|Top Tech Companies by Media Coverage 6/09-6/10|
I’ve been thinking a lot about Google lately. I mean who in our digitally expanded line of work doesn’t have Google constantly on the brain?
Here are some headlines from the last couple of months:
- Google Android O/S takes Smartphone Lead in the U.S.: Android now installed in one of every three smartphones sold at retail. (via NPD)
- Google Developing a Self-Driving Car and it Works (via PC Mag)
- Google Campaign to Build up its Display Ads (via NYTimes)
- Offshore Wind Power Line Wins Praise, and Backing [from Google…] (via NYTimes)
Later this week, we can expect another big Google media pop when the Google channel carries a live feed of its Q3 earnings (Thursday at 4:30pm ET). You mean the self-driving car and offshore wind power financing weren’t enough?
So the question I have is whether the sudden output of Google corporate and product news, especially the non-conventional stories, is a result of a concerted effort by Google’s PR department to counter or deflect some of the recent less-than-savory pieces on the company, stories that either challenged Google’s perceived infallibility or worse, its founding mantra of “do no evil.” These included:
- Consumer Watchdog think Google’s Schmidt is a Data Perv (via Inside Google)
- Google Pulls Plug on Google Wave (via CNET)
- Google Pulls Plug on Nexus One (via ZDNet)
- Google Pulls Plug on Goog-411 Service (via Startup Meme)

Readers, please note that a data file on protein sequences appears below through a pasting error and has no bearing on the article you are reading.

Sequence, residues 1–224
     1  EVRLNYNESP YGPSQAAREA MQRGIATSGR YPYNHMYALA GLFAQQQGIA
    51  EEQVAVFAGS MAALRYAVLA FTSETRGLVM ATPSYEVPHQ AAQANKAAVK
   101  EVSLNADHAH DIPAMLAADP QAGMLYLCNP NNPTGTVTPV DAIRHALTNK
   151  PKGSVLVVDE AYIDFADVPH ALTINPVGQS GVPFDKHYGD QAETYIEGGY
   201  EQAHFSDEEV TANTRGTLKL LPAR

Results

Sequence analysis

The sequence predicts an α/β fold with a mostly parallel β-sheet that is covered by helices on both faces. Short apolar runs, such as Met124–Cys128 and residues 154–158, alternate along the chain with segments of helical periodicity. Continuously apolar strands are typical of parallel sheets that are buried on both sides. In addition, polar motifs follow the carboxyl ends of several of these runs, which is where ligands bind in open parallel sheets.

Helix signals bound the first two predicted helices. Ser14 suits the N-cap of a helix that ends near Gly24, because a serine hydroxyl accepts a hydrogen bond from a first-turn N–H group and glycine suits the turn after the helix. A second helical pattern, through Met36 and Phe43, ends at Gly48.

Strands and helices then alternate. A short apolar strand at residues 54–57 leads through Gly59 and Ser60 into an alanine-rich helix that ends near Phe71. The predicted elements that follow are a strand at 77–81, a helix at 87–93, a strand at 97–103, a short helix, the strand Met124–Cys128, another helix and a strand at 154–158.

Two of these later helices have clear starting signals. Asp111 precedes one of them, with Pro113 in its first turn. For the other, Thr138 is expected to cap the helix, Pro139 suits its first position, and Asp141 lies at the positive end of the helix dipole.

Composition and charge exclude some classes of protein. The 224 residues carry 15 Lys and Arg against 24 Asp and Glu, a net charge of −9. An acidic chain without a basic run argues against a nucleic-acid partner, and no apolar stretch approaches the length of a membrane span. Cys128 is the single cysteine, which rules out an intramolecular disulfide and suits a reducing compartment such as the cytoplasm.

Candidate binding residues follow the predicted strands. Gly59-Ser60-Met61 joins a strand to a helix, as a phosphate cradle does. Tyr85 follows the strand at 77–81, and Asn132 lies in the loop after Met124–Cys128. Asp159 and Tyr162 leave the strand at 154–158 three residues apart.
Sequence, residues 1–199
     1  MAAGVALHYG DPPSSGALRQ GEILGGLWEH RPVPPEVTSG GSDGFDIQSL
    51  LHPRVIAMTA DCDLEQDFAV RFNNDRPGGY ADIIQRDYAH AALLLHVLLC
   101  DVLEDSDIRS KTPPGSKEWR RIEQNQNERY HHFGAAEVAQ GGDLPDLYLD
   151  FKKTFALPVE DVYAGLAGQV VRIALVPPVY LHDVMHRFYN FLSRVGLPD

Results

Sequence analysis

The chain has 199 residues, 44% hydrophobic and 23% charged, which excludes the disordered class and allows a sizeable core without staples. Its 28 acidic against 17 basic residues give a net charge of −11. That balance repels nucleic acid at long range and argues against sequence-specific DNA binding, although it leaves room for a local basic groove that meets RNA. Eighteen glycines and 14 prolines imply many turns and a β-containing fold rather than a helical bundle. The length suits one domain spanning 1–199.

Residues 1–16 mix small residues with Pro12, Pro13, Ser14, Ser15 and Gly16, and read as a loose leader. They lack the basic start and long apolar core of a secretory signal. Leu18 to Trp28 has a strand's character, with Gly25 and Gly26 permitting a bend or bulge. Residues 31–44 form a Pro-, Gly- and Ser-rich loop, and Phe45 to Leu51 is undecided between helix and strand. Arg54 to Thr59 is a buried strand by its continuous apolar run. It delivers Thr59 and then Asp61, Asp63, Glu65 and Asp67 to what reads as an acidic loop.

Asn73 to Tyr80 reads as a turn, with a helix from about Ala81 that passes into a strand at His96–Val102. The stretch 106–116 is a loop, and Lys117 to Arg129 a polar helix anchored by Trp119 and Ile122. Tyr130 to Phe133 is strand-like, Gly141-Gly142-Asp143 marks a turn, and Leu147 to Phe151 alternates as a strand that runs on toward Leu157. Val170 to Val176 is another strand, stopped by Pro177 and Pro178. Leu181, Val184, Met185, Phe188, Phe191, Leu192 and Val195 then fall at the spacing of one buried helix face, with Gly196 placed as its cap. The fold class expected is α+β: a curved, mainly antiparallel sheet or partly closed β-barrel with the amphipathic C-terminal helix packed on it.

It would be difficult to prove that Google is anything but earnest in its recent efforts to re-cast the company from the world’s dominant digital advertising company to a technology company focused on the greater social good.
After all, Google’s corporate culture has from the very beginning encouraged its employees (and now the public) to tinker in their spare time. Just look at what’s brewing at any given moment in Google Labs.
Still you have to wonder whether the recent chinks in Google’s seemingly impenetrable reputational armor spurred a call to PR arms by the company’s powers-that-be to ratchet up media coverage for the company’s many (cool) new dimensions. Then again, the success of Google’s PR peeps is directly related to the quality (ie, newsworthiness) of the material with which it has to work. For a company as ubiquitous and esteemed as Google, the threshold for what’s considered newsworthy is lower than most others.